Faber du Faur was an eyewitness and painted a number of scenes from the battle.  Here is his description that accompanies the painting below, “Evening restored a little calm.  The day was coming to an end, and apart from having to fire an occasional shot, we found ourselves rendered mere spectators to the scene which was literally being played out under our feet.  There was continual skirmishing, but it seemed as though the fighting was dying down, particularly as the various fires, which had broken out here and there, had made such progress as to render movement in the streets virtually impossible.  We could not tell whether or not the fire had been started by the Russians themselves, to impede our progress or destroy provisions horded in the town, or had been caused by the fighting.  Or perhaps it was a combination of these two factors?  Whatever the cause, it remains a mystery to this day.”

By the Walls of Smolensk,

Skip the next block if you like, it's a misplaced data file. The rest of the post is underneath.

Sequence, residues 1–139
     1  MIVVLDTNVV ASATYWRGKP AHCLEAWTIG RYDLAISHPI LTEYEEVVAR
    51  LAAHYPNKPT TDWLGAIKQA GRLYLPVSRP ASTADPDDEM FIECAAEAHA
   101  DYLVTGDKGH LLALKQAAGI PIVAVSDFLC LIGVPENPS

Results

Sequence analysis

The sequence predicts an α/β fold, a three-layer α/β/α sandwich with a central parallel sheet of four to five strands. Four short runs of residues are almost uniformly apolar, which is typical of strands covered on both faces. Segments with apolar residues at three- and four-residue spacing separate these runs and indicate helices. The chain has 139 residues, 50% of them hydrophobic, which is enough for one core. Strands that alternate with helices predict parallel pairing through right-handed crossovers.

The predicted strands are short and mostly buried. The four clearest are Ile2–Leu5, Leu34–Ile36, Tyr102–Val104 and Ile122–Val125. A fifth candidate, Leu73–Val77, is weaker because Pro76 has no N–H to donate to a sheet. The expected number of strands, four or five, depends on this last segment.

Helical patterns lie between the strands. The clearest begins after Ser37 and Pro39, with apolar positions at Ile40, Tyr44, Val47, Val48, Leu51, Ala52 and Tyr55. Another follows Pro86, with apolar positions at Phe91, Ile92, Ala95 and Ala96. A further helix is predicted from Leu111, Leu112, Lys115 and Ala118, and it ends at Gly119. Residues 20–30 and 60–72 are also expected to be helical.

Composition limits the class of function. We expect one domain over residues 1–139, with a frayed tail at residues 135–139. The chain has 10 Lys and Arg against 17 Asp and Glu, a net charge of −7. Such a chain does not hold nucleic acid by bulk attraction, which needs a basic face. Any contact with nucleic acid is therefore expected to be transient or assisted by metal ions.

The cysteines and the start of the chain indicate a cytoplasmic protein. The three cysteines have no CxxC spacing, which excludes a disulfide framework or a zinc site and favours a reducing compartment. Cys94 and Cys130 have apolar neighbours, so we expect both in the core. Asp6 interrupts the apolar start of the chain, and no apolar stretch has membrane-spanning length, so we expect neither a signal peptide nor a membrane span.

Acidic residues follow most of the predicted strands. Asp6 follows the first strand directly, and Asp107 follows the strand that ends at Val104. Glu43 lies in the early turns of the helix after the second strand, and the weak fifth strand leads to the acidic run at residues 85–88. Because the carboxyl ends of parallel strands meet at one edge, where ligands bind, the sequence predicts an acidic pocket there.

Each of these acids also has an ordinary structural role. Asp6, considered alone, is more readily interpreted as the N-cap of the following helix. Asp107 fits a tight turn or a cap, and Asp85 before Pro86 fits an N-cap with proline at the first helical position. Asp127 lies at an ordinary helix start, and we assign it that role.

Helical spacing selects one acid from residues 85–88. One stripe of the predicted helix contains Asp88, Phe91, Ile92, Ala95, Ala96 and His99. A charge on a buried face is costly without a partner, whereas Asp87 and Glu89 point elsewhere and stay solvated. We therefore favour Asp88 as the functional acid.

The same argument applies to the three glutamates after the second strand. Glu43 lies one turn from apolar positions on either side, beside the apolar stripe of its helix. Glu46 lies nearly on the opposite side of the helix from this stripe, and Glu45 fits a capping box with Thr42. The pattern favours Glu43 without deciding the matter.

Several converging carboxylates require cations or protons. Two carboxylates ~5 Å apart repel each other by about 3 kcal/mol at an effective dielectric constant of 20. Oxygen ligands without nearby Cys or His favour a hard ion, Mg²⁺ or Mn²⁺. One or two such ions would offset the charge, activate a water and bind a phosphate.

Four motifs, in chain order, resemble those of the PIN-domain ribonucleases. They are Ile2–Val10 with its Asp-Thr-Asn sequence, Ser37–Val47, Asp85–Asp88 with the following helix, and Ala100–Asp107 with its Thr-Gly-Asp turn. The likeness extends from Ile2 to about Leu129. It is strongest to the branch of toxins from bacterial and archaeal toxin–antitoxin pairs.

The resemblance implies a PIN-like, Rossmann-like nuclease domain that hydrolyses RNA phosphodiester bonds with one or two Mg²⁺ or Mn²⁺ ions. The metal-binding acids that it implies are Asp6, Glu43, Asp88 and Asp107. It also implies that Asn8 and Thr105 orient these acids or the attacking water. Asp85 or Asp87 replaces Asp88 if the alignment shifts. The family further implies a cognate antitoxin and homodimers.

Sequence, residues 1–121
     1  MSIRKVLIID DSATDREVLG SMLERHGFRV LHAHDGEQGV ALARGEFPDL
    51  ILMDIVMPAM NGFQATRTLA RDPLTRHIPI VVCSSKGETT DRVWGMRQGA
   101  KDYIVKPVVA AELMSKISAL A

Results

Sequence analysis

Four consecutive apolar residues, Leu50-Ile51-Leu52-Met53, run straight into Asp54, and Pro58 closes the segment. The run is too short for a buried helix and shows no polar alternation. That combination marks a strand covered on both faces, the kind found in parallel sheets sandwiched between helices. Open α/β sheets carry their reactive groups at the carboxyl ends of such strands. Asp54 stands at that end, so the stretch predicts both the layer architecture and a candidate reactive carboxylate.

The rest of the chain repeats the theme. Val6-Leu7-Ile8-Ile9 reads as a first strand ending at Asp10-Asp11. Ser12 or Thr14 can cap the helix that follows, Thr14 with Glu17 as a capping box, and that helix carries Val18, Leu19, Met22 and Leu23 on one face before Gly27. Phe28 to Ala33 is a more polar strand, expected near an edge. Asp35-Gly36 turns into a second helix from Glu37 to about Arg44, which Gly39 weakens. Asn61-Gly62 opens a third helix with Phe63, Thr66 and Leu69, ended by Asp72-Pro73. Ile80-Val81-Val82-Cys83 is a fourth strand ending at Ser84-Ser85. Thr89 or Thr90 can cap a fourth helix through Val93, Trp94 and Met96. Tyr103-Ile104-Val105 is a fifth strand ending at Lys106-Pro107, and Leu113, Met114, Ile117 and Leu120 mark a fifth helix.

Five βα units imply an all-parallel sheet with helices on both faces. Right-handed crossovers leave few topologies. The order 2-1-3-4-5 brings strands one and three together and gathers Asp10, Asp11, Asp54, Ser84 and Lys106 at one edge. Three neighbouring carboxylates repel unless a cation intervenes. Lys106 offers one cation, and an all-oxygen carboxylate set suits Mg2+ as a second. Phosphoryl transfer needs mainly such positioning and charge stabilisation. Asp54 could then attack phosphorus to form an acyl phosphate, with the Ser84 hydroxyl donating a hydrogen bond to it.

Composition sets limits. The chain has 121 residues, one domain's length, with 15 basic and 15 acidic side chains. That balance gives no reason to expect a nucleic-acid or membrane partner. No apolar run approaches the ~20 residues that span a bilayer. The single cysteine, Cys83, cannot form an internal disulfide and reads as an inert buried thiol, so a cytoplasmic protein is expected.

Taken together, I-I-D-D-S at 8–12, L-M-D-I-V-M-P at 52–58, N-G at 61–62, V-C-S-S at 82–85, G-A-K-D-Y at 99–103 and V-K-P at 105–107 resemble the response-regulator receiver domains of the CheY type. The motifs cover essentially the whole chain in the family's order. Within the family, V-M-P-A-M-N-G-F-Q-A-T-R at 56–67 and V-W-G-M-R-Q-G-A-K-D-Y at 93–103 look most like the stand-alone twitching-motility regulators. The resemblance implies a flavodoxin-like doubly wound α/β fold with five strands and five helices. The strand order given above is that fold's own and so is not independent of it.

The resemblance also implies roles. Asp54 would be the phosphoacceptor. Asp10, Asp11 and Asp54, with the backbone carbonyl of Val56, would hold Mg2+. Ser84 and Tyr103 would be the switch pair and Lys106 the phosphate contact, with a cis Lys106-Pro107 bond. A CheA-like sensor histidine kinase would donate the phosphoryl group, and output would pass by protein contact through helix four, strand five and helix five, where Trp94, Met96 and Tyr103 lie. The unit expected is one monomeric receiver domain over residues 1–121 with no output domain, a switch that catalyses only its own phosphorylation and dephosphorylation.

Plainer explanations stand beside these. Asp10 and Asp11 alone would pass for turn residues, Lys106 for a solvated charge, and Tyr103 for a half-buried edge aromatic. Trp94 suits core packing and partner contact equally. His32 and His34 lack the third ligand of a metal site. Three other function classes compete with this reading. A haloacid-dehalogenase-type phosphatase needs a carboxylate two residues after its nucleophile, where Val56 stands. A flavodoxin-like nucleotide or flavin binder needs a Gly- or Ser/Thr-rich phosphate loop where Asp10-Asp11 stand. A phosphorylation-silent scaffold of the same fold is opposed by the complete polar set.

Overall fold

18 August, at 5.00 in the Evening
by Faber du Faur

“Meanwhile, as these scenes were being played out on the right bank, the masses of the Grande Armée were gathering on the left bank, forming up on the heights above the town.  To the strains of martial music they began filing down towards the Borysthene, in preparation for the crossing of the river the next day.”

“It was an imposing scene complete with impressive music: the firing of Russian artillery, which, positioned on the heights opposite, sought to bring fire to bear on our massed ranks; the groan of our own artillery firing in reply and attempting to silence the Russian guns.  All this, on a beautiful summer’s evening, in the delightful, rolling countryside around Smolensk, branded our souls with a magic that is impossible to describe and that will live forever in the minds of all who were present at the scene.”

Source: With Napoleon in Russia: The Illustrated Memoirs of Major Faber du Faur, 1812, Edited and Translated by Jonathan North

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